Have you had your credit card stolen? Or maybe new checks were taken from your mailbox after they were delivered to your home. Perhaps you received a call from a zealous credit card company asking about suspicious charges on one of your credit card accounts. If you have had this happen, you well know that the result is at best an inconvenience; at worst your credit could be damaged significantly for years to come.
3.7 percent of the participants in a 2006 survey performed by the Federal Trade Commission indicated that they had discovered they were victims of identity theft during 2005. This amounts to approximately 8.3 million U.S. adults who found that someone had inappropriately tried to use their personal information. We all know that number is not going down.
In November 2007, the Federal Trade Commission (FTC) issued a rule to help prevent identity theft. For those organizations to whom it applies, the Red Flags Rule must be implemented by May 1, 2009. Obviously, you need to determine right away if the rule applies to you. You should not assume that it does not apply.
According to the April 23, 2009 Public Policy Update of the National Council for Behavioral Healthcare, the Red Flags Rule was written to require organizations to be on the lookout for warning signs of identity theft, to do what is possible to prevent the crime, to mitigate the effects of the crime if it occurs, and to have a formal, written plan that they follow to these ends.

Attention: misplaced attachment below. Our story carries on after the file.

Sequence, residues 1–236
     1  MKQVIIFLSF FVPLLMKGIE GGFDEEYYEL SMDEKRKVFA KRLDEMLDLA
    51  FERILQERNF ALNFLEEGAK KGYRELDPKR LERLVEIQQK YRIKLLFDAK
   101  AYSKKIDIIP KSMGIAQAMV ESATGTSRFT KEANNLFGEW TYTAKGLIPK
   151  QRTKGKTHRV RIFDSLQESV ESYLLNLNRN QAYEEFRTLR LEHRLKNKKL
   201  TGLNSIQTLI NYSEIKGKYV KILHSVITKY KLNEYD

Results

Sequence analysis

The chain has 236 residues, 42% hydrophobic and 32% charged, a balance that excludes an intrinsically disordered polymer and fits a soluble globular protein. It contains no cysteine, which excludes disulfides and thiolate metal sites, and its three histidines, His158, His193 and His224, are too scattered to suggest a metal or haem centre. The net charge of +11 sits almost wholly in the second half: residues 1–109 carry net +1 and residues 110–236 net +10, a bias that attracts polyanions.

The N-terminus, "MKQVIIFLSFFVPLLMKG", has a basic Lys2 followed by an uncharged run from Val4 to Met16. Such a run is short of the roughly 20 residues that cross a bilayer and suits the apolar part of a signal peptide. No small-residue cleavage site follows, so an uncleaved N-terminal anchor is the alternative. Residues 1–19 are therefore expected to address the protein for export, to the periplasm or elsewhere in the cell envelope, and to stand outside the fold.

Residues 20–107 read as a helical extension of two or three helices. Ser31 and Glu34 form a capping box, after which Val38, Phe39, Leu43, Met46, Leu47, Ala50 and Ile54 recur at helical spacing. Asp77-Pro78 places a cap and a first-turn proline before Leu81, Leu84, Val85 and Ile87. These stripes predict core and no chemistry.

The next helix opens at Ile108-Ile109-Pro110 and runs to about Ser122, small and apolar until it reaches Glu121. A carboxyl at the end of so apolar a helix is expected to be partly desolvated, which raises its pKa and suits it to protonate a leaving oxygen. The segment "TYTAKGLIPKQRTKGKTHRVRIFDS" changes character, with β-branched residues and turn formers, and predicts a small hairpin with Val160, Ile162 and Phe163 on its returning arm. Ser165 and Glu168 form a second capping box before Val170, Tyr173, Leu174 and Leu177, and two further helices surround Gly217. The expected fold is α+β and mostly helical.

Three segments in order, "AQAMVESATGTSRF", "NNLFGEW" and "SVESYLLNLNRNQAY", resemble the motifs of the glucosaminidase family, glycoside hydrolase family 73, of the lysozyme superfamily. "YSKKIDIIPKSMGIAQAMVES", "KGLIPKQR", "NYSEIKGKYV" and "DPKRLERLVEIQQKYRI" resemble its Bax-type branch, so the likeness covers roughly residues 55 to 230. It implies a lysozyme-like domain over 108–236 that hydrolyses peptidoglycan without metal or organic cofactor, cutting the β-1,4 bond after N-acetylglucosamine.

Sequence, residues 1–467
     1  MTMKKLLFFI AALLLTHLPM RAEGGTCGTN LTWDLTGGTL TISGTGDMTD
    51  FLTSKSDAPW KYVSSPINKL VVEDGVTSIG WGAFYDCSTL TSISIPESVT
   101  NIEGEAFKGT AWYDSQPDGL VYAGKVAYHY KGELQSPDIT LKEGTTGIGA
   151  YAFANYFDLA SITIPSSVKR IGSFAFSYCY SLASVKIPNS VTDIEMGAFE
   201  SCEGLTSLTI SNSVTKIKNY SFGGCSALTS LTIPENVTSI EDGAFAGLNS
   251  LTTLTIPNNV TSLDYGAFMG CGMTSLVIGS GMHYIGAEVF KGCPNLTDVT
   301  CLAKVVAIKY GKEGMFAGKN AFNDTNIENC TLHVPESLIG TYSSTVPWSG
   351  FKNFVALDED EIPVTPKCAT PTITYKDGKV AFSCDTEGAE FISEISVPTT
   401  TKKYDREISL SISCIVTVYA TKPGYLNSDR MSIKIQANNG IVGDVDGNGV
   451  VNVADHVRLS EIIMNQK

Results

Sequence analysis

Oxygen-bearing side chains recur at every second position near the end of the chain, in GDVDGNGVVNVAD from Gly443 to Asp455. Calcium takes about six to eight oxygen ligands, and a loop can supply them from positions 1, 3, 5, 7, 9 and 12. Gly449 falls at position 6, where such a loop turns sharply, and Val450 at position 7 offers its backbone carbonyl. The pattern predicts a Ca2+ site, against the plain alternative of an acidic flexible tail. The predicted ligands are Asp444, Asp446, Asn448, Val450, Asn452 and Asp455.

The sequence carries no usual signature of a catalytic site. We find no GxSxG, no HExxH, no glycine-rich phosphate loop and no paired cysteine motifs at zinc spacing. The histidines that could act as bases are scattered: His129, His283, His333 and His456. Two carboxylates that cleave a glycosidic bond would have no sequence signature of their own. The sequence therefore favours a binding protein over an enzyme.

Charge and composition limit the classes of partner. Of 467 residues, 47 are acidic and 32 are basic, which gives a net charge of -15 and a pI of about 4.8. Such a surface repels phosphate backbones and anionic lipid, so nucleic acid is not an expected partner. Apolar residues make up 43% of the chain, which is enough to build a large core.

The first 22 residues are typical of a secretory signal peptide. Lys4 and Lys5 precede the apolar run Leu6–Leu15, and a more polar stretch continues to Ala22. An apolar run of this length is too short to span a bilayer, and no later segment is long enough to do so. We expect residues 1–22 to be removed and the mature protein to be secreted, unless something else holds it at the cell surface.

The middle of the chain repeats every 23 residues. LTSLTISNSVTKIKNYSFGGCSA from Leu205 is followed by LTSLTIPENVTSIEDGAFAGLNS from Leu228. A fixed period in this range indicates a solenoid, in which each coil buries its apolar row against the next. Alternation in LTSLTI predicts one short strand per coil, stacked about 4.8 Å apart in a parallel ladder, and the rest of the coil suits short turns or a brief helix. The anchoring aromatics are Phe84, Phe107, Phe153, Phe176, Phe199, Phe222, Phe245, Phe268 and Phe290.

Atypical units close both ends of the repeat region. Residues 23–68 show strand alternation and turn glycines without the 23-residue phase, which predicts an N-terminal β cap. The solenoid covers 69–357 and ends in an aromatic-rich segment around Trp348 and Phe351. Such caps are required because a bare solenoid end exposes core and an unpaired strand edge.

Many healthcare organizations felt that the HIPAA requirements for the protection of sensitive patient information were adequate and that they should not be required to adhere to the Red Flags Rule. The American Medical Association (AMA) argued that position to the FTC. Unfortunately, the FTC ruled that the AMA’s arguments did not fly. If a healthcare provider regularly defers payments for goods or services (that is, if they routinely allow clients to receive services now and pay off the charges over time), then they are a creditor under the terms of the rule and the provider organization must therefore comply. It is highly likely that the billing practices of most psychologists, psychiatrists, social workers and many community behavioral health organizations will require that they be considered creditors under this rule, and must comply with the rule.
It is possible that you already take most of the actions that the rule requires; however, the rule mandates that you have a written policy and that you implement a program to protect and monitor patient information for possible identity theft.
Please take a look at the 17-page guide to determine how this rule applies to you.
Have you already drafted and implemented such a plan to protect your clients from identity theft? If you have, are you willing to share a bit of your experience?